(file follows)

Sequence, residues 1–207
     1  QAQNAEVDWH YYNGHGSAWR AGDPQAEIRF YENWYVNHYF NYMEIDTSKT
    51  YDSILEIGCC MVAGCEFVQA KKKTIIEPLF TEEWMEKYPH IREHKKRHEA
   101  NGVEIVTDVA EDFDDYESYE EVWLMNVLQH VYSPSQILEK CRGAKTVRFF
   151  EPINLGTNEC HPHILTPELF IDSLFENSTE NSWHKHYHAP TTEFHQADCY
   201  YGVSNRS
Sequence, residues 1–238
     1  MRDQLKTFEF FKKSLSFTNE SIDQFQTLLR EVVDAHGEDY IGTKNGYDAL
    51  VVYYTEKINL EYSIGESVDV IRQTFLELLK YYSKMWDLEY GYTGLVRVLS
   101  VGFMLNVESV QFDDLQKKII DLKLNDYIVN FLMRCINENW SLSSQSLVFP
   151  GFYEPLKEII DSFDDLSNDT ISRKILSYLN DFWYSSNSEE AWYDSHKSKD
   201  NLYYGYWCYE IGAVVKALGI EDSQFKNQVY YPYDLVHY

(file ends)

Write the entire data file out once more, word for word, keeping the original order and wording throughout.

Sequence, residues 1–207
     1  QAQNAEVDWH YYNGHGSAWR AGDPQAEIRF YENWYVNHYF NYMEIDTSKT
    51  YDSILEIGCC MVAGCEFVQA KKKTIIEPLF TEEWMEKYPH IREHKKRHEA
   101  NGVEIVTDVA EDFDDYESYE EVWLMNVLQH VYSPSQILEK CRGAKTVRFF
   151  EPINLGTNEC HPHILTPELF IDSLFENSTE NSWHKHYHAP TTEFHQADCY
   201  YGVSNRS
Sequence, residues 1–238
     1  MRDQLKTFEF FKKSLSFTNE SIDQFQTLLR EVVDAHGEDY IGTKNGYDAL
    51  VVYYTEKINL EYSIGESVDV IRQTFLELLK YYSKMWDLEY GYTGLVRVLS
   101  VGFMLNVESV QFDDLQKKII DLKLNDYIVN FLMRCINENW SLSSQSLVFP
   151  GFYEPLKEII DSFDDLSNDT ISRKILSYLN DFWYSSNSEE AWYDSHKSKD
   201  NLYYGYWCYE IGAVVKALGI EDSQFKNQVY YPYDLVHY